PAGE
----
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Schrodinger equation problem

  1. Aug 23, 2009 #1
    1. The problem statement, all variables and given/known data

    the ground state wave function for 1-d SHM oscillator is fixed by the diff. eqn a*phi-0=0


    using the expression for the lower operator as a differential operator,a-=(K/2)1/2x-h*([tex]\partial[/tex])/(2pi*(2m)1/2), to find a solution for this differential equation for phi0(x)

    integral(-infinity,infinity)e-y2=pi1/2 to normalize phi0 to the condition integral(-infinity,infinity)abs(phi0)2dx=1
    2. Relevant equations



    3. The attempt at a solution

    a-*phi0=0 =>( K/2)1/2x-h*([tex]\partial[/tex])/(2pi*(2m)1/2)[/SUB]phi0=0

    I don't understand how the three equations a-*phi0=0, integral(-infinity,infinity)abs(phi0)2dx=1,and -infinity,infinity)e-y2=pi1/2 are related;
     
    Last edited: Aug 23, 2009
  2. jcsd
  3. Aug 24, 2009 #2

    gabbagabbahey

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    Yuck!:yuck:

    I think it will help you to better communicate future homework problems if you format your posts a little nicer. That includes using [itex]\LaTeX[/itex] when appropriate, and making an effort to use proper spelling and grammar.

    Here's a nice introduction to using [itex]\LaTeX[/itex] in these forums.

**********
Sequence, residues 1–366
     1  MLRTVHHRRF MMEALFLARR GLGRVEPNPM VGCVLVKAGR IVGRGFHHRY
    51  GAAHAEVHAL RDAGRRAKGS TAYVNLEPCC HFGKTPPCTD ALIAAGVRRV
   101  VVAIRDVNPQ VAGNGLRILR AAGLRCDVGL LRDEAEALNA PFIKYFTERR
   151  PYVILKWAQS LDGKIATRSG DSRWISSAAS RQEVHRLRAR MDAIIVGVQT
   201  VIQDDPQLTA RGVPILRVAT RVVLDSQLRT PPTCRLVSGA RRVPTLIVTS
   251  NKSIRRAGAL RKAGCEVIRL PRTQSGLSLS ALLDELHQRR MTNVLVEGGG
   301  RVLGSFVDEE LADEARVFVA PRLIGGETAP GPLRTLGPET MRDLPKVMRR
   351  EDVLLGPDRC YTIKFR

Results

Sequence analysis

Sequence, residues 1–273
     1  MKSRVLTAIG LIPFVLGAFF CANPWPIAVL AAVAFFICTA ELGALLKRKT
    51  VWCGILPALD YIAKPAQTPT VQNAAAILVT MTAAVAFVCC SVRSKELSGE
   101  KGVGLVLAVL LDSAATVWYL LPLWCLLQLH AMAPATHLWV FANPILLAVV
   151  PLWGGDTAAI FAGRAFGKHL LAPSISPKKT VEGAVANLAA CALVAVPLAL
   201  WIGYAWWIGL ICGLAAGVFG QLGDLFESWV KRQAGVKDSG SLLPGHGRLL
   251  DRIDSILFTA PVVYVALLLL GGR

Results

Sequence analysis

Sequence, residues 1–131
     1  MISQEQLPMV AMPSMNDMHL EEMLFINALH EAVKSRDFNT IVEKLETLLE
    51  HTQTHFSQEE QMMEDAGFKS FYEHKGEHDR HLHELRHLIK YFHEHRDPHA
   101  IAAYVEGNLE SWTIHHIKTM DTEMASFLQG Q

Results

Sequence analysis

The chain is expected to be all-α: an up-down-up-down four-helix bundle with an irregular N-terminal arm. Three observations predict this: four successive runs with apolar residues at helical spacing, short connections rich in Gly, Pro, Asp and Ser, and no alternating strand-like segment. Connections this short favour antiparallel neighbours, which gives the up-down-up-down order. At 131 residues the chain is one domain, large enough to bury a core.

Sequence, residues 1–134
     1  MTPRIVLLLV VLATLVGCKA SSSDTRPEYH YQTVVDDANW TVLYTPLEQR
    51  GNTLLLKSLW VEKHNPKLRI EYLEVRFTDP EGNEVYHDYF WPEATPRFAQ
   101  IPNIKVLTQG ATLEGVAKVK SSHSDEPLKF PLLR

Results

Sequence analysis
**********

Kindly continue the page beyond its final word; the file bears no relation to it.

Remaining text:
For example, your post could have looked something like this:

    You can click on any of the above images to see the code that generated them.

    Now, as for your question.... You have a differential equation,

    [tex]\left(\left(\frac{k}{2}\right)^{1/2}x-\left(\frac{1}{2k}\right)^{1/2}\frac{d}{d x}\right)\varphi_0(x)=0[/tex]

    Just solve it!...You will find that the solution has an unknown constant in front of it....you can then use the normalization condition to find the value of that constant.
     
    Last edited: Aug 24, 2009
  4. Aug 24, 2009 #3
    What am I solving for? \varphi_0(x)? And if I am solving for \varphi_0(x) would I then plug that into my normalization equation to obtain k
     
  5. Aug 24, 2009 #4

    gabbagabbahey

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    Yes. Your problem statement says to 'find a solution for [itex]\varphi_0(x)[/itex]'

    Not quite...try solving for [itex]\varphi_0(x)[/itex] first, worry about the rest later.
     
  6. Aug 24, 2009 #5
    I think I eventually found a solution to for [itex]\varphi_0(x)[/itex]; I won't list my math; [itex]\varphi_0(x)[/itex]=A*exp(-(m)^(1/2)*(k)^(1/2)/h); I would used , [tex]
    \int_{-\infty}^{\infty} |\varphi_0(x)|^2 dx=1
    [/tex]

    to find A?
     
  7. Aug 24, 2009 #6

    gabbagabbahey

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    No, why is there an 'h' and an 'm' in your solution? And why is there no 'x'?

    Make sure you are using the correct expression for the differential operator [itex]a_{-}[/itex] in the x-basis.

    This can either be written as

    [tex]a_{-}\to\left(\frac{m\omega}{2\hbar}\right)^{1/2}x-\left(\frac{\hbar}{2m\omega}\right)^{1/2}\frac{d}{d x}[/tex]

    or

    [tex]a_{-}\to\left(\frac{k}{2}\right)^{1/2}x-\left(\frac{1}{2k}\right)^{1/2}\frac{d}{d x}[/tex]

    with the constant [itex]k[/itex] defined by [itex]k\equiv\frac{m\omega}{\hbar}[/itex]

    Once you find the correct expression for [itex]\varphi_0(x)[/itex], yes.